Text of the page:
Campaign to help stop veterans victimized by scams

SPARTANBURG, SC (WSPA) – The people who fought for our freedom are getting targeted by scams and fraud.

It’s an issue being tackled by a new campaign, as events honoring veterans continue this week.

“This is your country, and the only reason you’ve got this country is because of the veterans,” said Boiling Springs American Legion Post 200 Commander Stanley Webber after the Spartanburg Veterans Day Parade Thursday. “They need the honor that they deserve.”

It’s the people who experts say are targeted by another enemy once they’re home – as scam artists take aim at veterans.

“It makes my blood boil,” said Webber.

The nationwide campaign to help stop the issue is called Operation Protect Veterans. It’s by the AARP and U.S. Postal Inspection Service.

“It’s a shame that when folks who serve our country an risk their lives that they become targets of scams and fraud activities at an alarming rate,” said AARP South Carolina Communications Manager Patrick Cobb.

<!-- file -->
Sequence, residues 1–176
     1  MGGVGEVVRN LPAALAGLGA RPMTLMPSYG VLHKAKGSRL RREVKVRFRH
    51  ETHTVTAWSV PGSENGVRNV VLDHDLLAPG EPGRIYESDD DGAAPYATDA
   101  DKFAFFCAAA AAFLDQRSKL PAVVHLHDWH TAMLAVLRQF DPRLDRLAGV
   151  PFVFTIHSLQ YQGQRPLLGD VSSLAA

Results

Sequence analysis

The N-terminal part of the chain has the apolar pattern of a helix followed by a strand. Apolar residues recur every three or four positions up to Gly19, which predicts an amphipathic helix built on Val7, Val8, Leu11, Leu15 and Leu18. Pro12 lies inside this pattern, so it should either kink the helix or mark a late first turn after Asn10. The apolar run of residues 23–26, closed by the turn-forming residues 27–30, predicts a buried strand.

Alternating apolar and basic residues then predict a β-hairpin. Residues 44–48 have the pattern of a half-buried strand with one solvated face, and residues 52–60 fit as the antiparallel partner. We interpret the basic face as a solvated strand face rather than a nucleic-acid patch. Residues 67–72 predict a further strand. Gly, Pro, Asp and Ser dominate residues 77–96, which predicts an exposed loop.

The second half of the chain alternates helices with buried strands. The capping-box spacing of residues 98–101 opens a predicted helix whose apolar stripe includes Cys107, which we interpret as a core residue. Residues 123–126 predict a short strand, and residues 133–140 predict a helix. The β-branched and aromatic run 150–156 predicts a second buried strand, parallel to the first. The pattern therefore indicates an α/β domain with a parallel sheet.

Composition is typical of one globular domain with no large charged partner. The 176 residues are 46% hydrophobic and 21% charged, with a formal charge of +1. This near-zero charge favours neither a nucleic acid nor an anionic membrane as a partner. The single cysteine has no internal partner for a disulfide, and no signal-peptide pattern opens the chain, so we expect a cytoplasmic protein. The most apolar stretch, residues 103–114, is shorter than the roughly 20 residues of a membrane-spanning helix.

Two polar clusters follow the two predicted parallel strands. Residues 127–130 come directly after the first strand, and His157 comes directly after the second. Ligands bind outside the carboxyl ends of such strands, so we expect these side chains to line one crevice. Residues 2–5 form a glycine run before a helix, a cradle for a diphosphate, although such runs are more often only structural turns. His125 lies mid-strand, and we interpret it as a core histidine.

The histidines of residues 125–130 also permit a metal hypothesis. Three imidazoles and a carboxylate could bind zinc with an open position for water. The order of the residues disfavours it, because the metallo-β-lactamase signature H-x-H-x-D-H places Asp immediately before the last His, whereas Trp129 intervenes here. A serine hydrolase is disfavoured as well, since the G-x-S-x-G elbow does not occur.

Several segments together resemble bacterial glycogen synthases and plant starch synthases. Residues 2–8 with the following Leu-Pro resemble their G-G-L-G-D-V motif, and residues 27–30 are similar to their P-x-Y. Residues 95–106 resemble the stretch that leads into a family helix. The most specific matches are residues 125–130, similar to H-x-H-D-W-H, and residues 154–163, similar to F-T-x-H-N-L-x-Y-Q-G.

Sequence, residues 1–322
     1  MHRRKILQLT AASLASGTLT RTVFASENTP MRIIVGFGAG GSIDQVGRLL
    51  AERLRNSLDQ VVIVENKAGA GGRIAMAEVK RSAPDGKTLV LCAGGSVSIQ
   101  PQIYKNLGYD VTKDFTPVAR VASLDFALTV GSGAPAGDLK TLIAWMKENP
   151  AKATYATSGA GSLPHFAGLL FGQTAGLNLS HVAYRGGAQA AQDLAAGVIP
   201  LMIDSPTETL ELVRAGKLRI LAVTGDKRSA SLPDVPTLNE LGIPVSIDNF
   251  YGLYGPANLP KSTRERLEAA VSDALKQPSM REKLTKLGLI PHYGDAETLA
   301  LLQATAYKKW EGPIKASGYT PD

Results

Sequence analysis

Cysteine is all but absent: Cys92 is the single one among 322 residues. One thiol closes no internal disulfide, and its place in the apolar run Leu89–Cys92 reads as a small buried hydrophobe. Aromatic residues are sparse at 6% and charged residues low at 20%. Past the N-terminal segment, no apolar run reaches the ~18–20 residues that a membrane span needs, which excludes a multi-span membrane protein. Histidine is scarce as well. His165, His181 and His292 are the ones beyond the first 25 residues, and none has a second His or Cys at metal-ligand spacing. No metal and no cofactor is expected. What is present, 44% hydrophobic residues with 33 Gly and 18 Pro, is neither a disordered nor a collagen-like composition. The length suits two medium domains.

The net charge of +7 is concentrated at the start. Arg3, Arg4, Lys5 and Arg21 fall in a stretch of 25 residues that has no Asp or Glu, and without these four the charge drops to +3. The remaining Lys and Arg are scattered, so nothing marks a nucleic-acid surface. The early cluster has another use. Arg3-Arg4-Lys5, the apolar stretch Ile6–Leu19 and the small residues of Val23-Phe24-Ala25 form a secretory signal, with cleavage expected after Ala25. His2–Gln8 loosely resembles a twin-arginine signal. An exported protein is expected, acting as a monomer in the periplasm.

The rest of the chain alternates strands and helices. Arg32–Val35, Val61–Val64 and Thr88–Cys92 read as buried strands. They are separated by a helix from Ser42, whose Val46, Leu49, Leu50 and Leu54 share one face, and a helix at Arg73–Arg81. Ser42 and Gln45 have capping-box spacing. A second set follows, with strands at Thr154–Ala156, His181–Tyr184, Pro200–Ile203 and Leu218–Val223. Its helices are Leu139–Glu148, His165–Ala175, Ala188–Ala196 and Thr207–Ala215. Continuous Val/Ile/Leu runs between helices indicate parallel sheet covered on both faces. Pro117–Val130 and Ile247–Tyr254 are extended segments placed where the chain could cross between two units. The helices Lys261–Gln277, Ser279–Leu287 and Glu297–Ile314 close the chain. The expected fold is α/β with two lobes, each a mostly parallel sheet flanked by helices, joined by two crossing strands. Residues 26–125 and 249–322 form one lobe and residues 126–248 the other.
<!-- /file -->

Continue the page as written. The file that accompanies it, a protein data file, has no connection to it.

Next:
A survey from the AARP’s Fraud Watch Network found veterans lose money twice as often compared to non-veterans – 16 percent of U.S. veterans have lost money to fraudsters, as compared to 8 percent of non-veterans. Eighty percent of veterans surveyed also said they have been targeted by veteran-specific scams.

“Part of it’s because it’s directly related to their military service or the benefits they receive,” said Cobb.

The following are the most common scams targeting veterans, according to the AARP and USPIS:

  • The benefits buyout offer: This scheme takes advantage of veterans in need by offering a quick upfront buyout in exchange for future disability or pension payments.
  • The fake charitable giving request: Fraudulent claims about benefitting veterans or wounded service members.
  • Fraudulent records offer: In this scam, veterans receive a contact claiming that for a fee only the scammer can access your military records or government forms. But this information is available for free through local U.S. Department of Veterans Affairs (VA) offices.
  • A VA phishing scam: A scammer claiming to work for the VA calls veterans and asks for Social Security numbers and personal financial information.
  • The bogus employment scam: Scammers collect personal information or charge a fee for obtaining a job that doesn’t exist.

The campaign looks to get this information into the hands of veterans and those who support them through advertising, social media, email messages, brochures, telephone calls, mass mailings and a website, www.aarp.org/Protect Veterans.